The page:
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Case Analysis of the Coca-Cola Company: Then and Now

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Case Analysis of The Coca-Cola Company: Then and Now


MBA 545 People and systems in Organizations

City University of Seattle


Coca-Cola is one of the worlds most recognized names and has been for over 40 years, listed as one of Fortune Magazine’s Most Admired Companies in 2010 and has made Forbes list at #15: America’s 25 Most Inspiring Companies.  During the late 1990’s and early 2000-time frame, Coca-Cola was known for losing the largest racial discrimination lawsuit in United States history (Ingram et al. v. The Coca-Cola Company) (Wade, 2001).  The plaintiffs claimed that “glass ceiling” and “glass wall” policies kept African-Americans from rising to top positions and in particular departments within the company.  Few African-Americans had advanced to senior levels in the company, compared to the significant representation of African-Americans among all salaried employees. (Wade, 2001) The plaintiffs argued that Coca-Cola failed to prevent and remedy this discrimination. 

Problem Statement

        At a time when the giant beverage manufacturer had been picking up the pieces from a large European recall, Ivestor, the CEO at the time was served with a lawsuit that accused the company of discriminating against black employees.   Coca-Cola denied the allegations of discrimination from merit pay, promotion that were raised by African Americans employees.   Coca-Cola’s denial of the allegation, and seemingly unrelated sudden appointment of Carl H.  Ware the senior most African American executive in the company to co-chair the diversity advisory council, were keys signs that the company was not taking the allegations seriously.

Justification- review info and describe

Looking at the company as it presented in the original structure in 2009, minorities represented 34% of the exempt workforce (The Coca-Cola Company, 2009). The human resource practices were a main area of focus with an inconsistent structure for the job posting and promotional practices.  With the minority representation at only 20% at the management level and over represented at 47% at the lower support levels, it was clear that changes needed to happen. On a positive note there was the highly successful Carl H. Ware, the highest-ranking black executive in the company, he was credited with working through antiapartheid movements with Nelson Mandela in order to clear a path for future coke sales in South Africa. (Harvey & Allard, 2009) Unfortunately, and in true fashion the current CEO at the time, Ivestor; demoted Ware in 1999 seemingly putting the last nail in his own coffin.  On December 5th, 1999 the board of directors intervened to push Ivestor out and hired the 30-year veteran of the company Douglas Daft.  With a vison of a global diverse company he began with a pretty large goal to make the Coca-Cola company one of the most desired employers in the world, finally the direction of the company was looking better.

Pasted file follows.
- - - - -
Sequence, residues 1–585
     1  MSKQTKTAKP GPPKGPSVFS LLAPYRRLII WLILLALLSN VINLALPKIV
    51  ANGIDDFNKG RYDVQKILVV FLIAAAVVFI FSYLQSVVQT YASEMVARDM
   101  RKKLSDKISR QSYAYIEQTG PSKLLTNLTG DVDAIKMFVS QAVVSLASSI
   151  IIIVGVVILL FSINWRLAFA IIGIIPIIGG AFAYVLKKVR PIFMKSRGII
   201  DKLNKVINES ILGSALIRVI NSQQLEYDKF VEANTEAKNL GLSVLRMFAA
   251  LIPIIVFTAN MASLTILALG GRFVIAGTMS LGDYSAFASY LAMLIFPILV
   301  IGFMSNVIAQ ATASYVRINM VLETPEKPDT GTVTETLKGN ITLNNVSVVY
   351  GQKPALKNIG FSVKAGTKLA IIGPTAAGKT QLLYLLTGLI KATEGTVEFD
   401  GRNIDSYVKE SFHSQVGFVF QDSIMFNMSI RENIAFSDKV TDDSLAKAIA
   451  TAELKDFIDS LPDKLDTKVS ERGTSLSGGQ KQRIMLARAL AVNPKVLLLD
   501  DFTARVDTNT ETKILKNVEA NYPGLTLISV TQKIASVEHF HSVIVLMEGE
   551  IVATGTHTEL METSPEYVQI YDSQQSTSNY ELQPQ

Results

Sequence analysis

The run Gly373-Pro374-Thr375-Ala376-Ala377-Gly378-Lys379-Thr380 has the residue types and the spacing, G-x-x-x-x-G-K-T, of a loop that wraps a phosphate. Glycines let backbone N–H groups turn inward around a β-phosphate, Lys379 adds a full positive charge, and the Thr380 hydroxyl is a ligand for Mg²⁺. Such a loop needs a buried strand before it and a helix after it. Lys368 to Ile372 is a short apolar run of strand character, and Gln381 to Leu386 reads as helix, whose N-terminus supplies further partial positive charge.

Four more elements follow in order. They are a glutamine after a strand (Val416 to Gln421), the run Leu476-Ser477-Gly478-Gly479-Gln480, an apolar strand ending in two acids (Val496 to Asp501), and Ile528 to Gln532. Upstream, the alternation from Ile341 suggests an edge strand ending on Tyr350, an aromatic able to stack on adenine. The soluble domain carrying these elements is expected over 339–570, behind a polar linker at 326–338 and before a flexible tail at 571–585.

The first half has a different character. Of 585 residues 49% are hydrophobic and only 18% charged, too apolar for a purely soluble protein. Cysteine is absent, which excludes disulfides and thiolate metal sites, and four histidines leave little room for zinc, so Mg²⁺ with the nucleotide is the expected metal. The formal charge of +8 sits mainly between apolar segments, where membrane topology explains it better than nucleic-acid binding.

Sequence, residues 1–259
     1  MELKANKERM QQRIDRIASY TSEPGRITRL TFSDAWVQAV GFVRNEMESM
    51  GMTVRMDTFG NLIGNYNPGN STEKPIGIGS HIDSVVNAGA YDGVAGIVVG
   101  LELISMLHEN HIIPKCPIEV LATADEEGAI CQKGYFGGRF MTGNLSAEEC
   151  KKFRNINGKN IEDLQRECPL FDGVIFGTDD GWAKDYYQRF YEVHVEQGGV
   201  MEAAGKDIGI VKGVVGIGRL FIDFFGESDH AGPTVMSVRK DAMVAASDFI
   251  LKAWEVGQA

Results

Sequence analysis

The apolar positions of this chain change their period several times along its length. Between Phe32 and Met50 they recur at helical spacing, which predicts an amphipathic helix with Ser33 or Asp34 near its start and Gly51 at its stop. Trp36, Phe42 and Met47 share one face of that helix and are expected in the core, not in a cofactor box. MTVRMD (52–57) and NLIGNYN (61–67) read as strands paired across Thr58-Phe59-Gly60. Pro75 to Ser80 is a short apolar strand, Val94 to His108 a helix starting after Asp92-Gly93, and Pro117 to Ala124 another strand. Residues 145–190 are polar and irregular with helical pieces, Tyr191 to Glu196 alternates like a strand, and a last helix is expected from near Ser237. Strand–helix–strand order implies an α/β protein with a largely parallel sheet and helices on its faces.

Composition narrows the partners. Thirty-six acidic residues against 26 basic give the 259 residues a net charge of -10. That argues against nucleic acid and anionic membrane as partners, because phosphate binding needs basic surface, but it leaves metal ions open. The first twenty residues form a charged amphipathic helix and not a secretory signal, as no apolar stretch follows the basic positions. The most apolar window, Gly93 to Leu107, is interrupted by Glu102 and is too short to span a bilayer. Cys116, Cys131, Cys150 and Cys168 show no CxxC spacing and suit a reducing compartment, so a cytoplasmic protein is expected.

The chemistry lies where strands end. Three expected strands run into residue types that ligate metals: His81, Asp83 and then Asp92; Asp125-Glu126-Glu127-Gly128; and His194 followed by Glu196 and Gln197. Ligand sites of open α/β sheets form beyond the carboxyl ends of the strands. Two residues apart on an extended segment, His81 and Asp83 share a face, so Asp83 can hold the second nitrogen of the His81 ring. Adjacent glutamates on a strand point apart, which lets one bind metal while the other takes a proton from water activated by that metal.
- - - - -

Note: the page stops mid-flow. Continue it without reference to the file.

Alternative course of action

With more than 2000 plaintiffs the suit grew into a major class-action lawsuit, with the claim that Coca-Cola had systematically discriminated against African Americans by paying them lower salaries than others for the same work, passing over them for promotions, and subjecting them to harassment. (Winter 2017) During the settlement, an agreement was established creating a task force to provide independent oversight of Coca-Cola’s compliance for the period of 4 years. The task force was to evaluate the policies and practices, recommending any necessary improvements to those policies and investigate complaints followed by periodic written reports on the progress toward the terms of the Agreement. The Agreement defined the objective of these changes in a summary statement called; The Statement of Principle: “The Coca-Cola Company commits to excel among Fortune 500 Companies in promoting and fostering equal opportunity in compensation, promotion, and career advancement for all employees in all levels and areas of the business, regardless of race, color, gender, religion, age, national origin, or disability, and to promote and foster an environment of inclusion, respect and freedom from retaliation. (Winter 2017) The Company recognizes that diversity is a fundamental and indispensable value and that the Company, its shareholders and all of its employees will benefit by striving to be a premier "gold standard" company on diversity. The Company will set measurable and lawful business goals to achieve these objectives during the next four years.” (Coca-Cola, 2012) The Agreement applies to all non-hourly U.S.-based employees of The Coca-Cola Company.

Evaluate Alternatives

If the company can follow the agreements intent and turn the culture around from the inside.  In order to change the internal culture in the short run it will be challenging but with the policies and programs presented are launched with the support of leadership and employee then it could bring a huge change to Coca-Cola. It’s unfortunate that a poor leader can corrupt an entire company and cause so much heartache but like most cancers, once removed the company can grow and thrive once again.  In the Settlement Agreement, The Coca-Cola Company committed to conduct a thorough review of its human resources systems, promote and foster a diverse environment within the Company, and take necessary action to ensure fairness and equal employee mentorship opportunities.



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